Automotive history

Ad Break: The Alfa Romeo 145 Cloverleaf needed oven gloves

by Antony Ingram
9 January 2024 3 min read
Ad Break: The Alfa Romeo 145 Cloverleaf needed oven gloves

There’s amusement to be had reading the breathless copy accompanying some old car advertisements for performance cars of the late 20th century.

The pace of automotive development had always varied, sometimes in a painfully slow climb and at other times taking gigantic leaps, but peering back from the 2020s, it’s amusing to think that for a time in the late 1980s and early 1990s, around 150bhp was as much as you could put through the front wheels of a car without it becoming a hedge-seeking missile.

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The cars that developed more – think Rover’s near-200bhp Coupe or the similarly powerful Alfa Romeo 164 when equipped with a V6 – were the exceptions that proved the rule, though the Lancia Thema 8.32 was admirably composed. In a hot hatchback though, 150-odd was more than enough to test a car’s traction.

Which explains why this ad for the Alfa Romeo 145 Cloverleaf, which made a nice round 150bhp at 6200rpm, suggested you “may find oven gloves more appropriate than driving gloves.” Nevermind that Honda made a Civic with 8bhp more, or Peugeot a 306 with an additional 17 horses.

In fact, things escalated fairly quickly after the Cloverleaf arrived. Just before the millennium, Renault unleashed the Clio 172, with 170bhp, and in 2001 the 197bhp Honda Civic Type R was perhaps the first of the hot hatches that kicked off the real power race. It would seem that 200 horsepower was now the minimum entry requirement.

A wave of turbocharged machines followed – easier for developing big power than Honda’s naturally aspirated method – and today, it’s perfectly normal to find 300-plus, more than double that of the Alfa and, even more remarkably, none the worse for attempting to put it to the ground. In the mid 1990s, BTCC super tourers were struggling to send 300bhp through the front wheels with slick tyres, and now you can do it in a Civic that’ll ferry the family around.

Incidentally, Alfa did join the power race itself, in part thanks to its glorious Busso engines, as previously found in the torque-steering 164. At its 3.2-litre peak, the Alfa 147 and 156 GTAs made 247bhp, though it’s fair to say these cars had their own limitations, while Alfa’s own dabble with turbocharging in the 2010s Giulietta hatchback gave us a 237bhp Quadrifoglio Verde.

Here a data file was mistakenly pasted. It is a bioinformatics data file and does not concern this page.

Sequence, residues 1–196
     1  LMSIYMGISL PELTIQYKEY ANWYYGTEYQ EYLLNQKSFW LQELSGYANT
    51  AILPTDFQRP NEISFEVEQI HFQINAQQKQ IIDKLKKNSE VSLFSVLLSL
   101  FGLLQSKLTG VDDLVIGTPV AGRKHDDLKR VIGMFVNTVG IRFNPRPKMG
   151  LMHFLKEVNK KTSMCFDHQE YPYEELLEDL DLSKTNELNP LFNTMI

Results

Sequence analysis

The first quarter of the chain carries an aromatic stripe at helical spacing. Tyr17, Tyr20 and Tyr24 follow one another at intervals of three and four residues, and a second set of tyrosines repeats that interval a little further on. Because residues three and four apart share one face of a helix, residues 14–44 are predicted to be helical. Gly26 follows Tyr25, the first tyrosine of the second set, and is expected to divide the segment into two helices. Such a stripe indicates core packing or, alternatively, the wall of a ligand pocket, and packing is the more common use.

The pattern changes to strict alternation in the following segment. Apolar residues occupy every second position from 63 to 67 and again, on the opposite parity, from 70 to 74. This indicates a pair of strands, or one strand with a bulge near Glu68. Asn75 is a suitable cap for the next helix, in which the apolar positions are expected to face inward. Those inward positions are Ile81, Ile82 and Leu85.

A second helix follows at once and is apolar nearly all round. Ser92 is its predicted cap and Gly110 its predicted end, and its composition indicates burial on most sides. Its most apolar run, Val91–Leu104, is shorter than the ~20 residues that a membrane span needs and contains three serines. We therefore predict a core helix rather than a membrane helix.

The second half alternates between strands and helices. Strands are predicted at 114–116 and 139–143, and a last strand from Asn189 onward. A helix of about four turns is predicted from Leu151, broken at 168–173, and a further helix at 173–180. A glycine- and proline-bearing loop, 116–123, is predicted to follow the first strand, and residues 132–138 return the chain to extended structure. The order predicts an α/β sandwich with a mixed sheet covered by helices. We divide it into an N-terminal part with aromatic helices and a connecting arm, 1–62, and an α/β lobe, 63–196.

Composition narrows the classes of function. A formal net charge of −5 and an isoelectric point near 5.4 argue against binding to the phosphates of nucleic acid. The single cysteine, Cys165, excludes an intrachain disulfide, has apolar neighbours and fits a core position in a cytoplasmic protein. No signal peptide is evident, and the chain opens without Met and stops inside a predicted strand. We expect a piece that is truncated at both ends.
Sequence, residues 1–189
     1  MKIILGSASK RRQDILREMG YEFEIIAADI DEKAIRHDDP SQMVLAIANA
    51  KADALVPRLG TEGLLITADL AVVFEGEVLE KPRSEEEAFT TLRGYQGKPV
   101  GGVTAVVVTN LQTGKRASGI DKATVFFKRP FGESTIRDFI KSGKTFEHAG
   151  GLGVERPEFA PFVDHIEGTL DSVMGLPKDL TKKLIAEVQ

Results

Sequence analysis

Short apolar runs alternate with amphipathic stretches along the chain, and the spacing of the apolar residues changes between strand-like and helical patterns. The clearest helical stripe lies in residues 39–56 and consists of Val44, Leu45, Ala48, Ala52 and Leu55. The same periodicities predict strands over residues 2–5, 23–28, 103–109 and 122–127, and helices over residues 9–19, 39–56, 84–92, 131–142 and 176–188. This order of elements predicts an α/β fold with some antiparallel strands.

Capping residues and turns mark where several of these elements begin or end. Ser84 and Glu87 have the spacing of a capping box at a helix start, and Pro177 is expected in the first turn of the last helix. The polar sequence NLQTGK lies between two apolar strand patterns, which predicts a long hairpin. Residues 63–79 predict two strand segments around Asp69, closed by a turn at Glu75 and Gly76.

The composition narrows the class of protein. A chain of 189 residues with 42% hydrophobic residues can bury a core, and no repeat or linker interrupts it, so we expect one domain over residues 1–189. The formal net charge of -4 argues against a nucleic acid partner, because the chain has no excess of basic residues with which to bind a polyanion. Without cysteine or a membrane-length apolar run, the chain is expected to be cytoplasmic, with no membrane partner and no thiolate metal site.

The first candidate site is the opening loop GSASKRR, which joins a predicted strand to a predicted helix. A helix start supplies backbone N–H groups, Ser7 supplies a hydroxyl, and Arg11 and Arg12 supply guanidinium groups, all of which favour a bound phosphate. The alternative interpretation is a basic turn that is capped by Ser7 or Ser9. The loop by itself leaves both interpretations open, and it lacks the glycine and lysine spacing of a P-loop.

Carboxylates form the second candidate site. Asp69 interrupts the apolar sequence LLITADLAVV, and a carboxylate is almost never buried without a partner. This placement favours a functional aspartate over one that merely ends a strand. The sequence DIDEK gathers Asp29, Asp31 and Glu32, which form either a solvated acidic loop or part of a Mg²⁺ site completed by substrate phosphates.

Alfa Romeo 145 ad

Back to the 145, though, which may no longer seem as hot in a modern context but was still among the better hot hatches of its era. The breed had been in a lull in the early 1990s, the car crime wave of the 1980s resulting in a market full of deliberately watered-down models that wouldn’t scare insurance companies off, but by the time the Cloverleaf cropped up in 1996, things were picking up.

The Chris Bangle–designed 145 had been through a wobble itself, its carryover flat-four engines dating back to the Alfasud no longer cutting it in what was now a heavy car. But Alfa’s 2-litre Twin Spark engine from the GTV did a much better job, and Alfa paired it with the fast steering rack (2.2 turns lock to lock) also borrowed from the GTV.

Combined with a set of neo-retro ‘teledial’ alloy wheels, the result was a car that looked cracking (if you could get on with the squared-off styling), turned sharply, and had a rasping soundtrack to accompany its brisk straight-line performance; Alfa claimed 0–60mph in 8 seconds flat.

It was, in the best Alfa traditions, still flawed: The driving position was too high, the ergonomics were haphazard, the ride quality was just on the wrong side of harsh, and to butcher Alfa’s own cooking metaphor, the company left the 145 out on the sideboard to go stale as its rivals were busy preparing fresh dishes. In 1997, Alfa gave left-hand-drive cars an attractive new dashboard, but the UK market got leftovers, keeping the creaky old dash until the 147 arrived in 2000.

But today, that matters less than the 145’s distinctive styling, the Twin Spark’s growling engine note, and a driving experience that could be nothing else but a 1990s Alfa Romeo. And as modern turbocharging has made chasing the red line almost irrelevant, even the Cloverleaf’s modest 6200rpm power peak sounds quite appealing.

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